Your second, although riskier option is to find your way to a U.S. border or other point of entry and ask the customs officers to let you in (as a returning resident) in the exercise of their discretion—for "good cause" (meaning because you have a good excuse for not presenting a reentry permit or visa). You would request such an exercise of discretion by filing Form I-193, Application for Waiver of Passport and/or Visa, issued by U.S. Citizenship and Immigration Services, or USCIS.
Neither of these two options will likely work, however, if you had time to anticipate the length of your absence.
If eligible, you can request a reentry permit by filing Form I-131, Application for Travel Document (available from USCIS). Check box 1.a in Part 2 of the form, complete Parts 1 through 5 and 8, and send it to USCIS with a copy of the front and back of your green card and the required fee. If you can, attach some evidence to document the reasons for your intended absence.
After filing Form I-131, you should be scheduled for a biometrics appointment (to get your fingerprints and photograph taken) if your age is between 14 and 79. (If that is the case, be sure to submit your own photos if you wish to avoid the biometrics appointment; the photo is still required of you, just not the fingerprint check.)
Make sure you are present in the United States to attend the appointment—subsequent to which you could (if you requested it) pick up the reentry permit at a U.S. embassy or consulate abroad. (You could also request expedited processing if you have an emergency.)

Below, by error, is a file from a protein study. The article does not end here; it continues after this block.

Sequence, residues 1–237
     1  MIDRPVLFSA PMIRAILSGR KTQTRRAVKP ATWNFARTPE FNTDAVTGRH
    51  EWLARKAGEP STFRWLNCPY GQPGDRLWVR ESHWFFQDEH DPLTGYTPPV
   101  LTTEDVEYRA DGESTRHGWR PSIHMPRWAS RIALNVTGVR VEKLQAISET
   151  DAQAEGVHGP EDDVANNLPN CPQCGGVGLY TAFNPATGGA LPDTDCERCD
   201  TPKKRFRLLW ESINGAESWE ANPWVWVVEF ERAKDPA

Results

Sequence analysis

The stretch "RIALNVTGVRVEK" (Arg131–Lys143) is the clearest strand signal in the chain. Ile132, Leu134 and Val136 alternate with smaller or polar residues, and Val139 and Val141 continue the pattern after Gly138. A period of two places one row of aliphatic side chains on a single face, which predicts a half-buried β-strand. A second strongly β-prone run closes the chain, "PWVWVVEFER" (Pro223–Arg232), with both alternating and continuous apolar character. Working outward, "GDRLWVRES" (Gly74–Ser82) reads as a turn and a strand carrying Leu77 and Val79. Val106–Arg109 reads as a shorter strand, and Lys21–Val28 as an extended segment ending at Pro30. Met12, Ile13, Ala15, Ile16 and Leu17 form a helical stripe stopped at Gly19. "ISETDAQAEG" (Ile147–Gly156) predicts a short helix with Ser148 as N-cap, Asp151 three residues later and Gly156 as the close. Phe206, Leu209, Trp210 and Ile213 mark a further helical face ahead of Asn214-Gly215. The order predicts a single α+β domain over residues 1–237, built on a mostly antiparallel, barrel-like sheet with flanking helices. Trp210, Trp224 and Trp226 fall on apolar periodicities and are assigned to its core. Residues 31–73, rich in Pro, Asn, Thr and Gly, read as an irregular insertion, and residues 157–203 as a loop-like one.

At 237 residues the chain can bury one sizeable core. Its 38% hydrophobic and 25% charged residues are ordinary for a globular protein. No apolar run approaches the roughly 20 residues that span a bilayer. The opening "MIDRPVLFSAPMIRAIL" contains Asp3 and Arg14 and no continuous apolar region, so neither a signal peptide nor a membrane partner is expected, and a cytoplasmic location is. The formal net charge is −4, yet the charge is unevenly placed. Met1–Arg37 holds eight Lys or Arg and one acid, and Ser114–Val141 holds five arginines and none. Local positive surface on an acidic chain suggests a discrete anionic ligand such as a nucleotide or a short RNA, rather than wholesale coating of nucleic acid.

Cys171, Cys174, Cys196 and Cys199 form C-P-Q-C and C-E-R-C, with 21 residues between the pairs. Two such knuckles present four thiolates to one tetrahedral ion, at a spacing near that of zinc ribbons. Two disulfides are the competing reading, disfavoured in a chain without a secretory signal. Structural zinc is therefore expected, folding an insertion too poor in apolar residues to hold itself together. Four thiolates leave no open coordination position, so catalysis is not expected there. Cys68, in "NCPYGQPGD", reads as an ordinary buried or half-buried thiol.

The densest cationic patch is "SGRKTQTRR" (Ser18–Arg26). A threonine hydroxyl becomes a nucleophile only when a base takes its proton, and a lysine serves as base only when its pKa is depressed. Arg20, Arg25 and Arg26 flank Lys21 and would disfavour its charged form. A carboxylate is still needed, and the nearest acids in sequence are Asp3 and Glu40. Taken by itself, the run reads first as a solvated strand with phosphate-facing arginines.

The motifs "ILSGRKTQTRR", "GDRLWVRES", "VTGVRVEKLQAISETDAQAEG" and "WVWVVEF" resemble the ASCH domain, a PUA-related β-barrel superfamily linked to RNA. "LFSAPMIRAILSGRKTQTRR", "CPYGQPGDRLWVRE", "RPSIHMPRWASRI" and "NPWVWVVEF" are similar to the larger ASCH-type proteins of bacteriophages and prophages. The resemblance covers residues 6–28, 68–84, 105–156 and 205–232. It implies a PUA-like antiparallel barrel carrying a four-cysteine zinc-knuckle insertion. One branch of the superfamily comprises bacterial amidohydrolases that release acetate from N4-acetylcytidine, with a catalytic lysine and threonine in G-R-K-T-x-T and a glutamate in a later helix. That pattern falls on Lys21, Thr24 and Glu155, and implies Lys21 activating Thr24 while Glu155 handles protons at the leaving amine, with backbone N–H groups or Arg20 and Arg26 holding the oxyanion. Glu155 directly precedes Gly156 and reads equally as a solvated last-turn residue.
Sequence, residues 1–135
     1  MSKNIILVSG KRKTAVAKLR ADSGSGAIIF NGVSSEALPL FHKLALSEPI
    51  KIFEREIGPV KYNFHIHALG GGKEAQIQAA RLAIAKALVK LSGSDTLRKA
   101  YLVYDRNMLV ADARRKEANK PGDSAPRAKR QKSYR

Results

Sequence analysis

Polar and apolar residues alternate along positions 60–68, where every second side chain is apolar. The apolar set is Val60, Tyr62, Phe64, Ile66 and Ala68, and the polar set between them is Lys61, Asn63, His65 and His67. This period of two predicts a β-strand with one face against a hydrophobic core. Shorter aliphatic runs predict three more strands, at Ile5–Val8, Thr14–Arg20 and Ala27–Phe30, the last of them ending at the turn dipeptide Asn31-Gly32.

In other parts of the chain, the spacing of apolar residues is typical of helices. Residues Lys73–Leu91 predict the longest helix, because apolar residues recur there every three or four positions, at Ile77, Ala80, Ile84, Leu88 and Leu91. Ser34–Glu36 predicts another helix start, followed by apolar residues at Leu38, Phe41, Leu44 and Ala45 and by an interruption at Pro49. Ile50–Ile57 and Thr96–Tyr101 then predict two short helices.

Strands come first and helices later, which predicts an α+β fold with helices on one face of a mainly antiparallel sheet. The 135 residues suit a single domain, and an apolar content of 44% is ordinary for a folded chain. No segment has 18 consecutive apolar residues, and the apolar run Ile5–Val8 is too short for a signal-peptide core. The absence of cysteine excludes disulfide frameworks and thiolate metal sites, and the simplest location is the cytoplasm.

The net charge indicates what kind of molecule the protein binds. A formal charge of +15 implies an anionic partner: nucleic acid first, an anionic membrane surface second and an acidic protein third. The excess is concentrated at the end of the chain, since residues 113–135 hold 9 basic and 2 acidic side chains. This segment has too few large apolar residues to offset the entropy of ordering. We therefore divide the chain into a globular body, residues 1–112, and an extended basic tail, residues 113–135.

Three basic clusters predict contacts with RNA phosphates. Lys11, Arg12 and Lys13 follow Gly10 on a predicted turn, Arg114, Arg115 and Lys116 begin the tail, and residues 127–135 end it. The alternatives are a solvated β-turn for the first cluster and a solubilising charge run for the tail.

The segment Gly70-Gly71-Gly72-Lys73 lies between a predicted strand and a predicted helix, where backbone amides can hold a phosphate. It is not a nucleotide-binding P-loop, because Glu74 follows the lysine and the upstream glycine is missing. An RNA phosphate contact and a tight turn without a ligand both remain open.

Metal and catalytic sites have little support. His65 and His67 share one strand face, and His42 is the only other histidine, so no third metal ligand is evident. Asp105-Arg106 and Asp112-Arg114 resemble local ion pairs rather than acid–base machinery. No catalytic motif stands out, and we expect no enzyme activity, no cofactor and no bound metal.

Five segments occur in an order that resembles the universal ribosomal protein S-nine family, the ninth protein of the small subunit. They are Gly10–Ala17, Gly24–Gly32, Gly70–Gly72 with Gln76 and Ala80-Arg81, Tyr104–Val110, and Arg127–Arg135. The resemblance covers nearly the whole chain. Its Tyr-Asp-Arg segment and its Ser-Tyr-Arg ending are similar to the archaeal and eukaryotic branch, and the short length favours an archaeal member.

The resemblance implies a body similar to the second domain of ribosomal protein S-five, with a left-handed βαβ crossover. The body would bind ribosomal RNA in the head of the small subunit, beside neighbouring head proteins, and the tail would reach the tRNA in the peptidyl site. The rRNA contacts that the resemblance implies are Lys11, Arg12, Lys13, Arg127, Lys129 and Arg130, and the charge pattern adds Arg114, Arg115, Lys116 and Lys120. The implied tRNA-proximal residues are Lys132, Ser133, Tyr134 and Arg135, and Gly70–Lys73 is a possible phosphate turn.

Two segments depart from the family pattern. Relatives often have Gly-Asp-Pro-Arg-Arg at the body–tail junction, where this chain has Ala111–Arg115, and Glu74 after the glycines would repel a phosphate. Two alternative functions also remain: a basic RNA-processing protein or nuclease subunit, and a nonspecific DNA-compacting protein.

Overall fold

If your reentry permit application is denied, you can appeal the decision by filing USCIS Form I-290B, Notice of Appeal or Motion.
Keep in mind that even obtaining and complying with a reentry permit does not guarantee that you will be allowed to keep your U.S. permanent residence. Your readmission under that status would still depend on whether you are able to present evidence of ties to the United States.
Extended absences (of two years or more) might require consecutive applications for reentry permits. (Reentry permits are valid for no more than two years and cannot be extended.)
Consecutive applications are allowed, but USCIS might look upon them with particular suspicion. In fact, the validity of reentry permits is limited to one year for most green card holders who have been outside of the U.S. for more than four years since obtaining their green card.
Nonetheless, this limit does not apply to active professional athletes and employees of international organizations, the U.S. government, or the American University in Beirut. (Although, as noted earlier, the latter might not normally need a reentry permit, they may choose to obtain one in certain circumstances—for example, when they might not return to the U.S. immediately following the conclusion of their work abroad.)
If you are planning an extended absence from the United States, or have become stranded outside the U.S., you would greatly benefit from the assistance of an experienced immigration attorney in devising a strategy to facilitate your reentry into the country.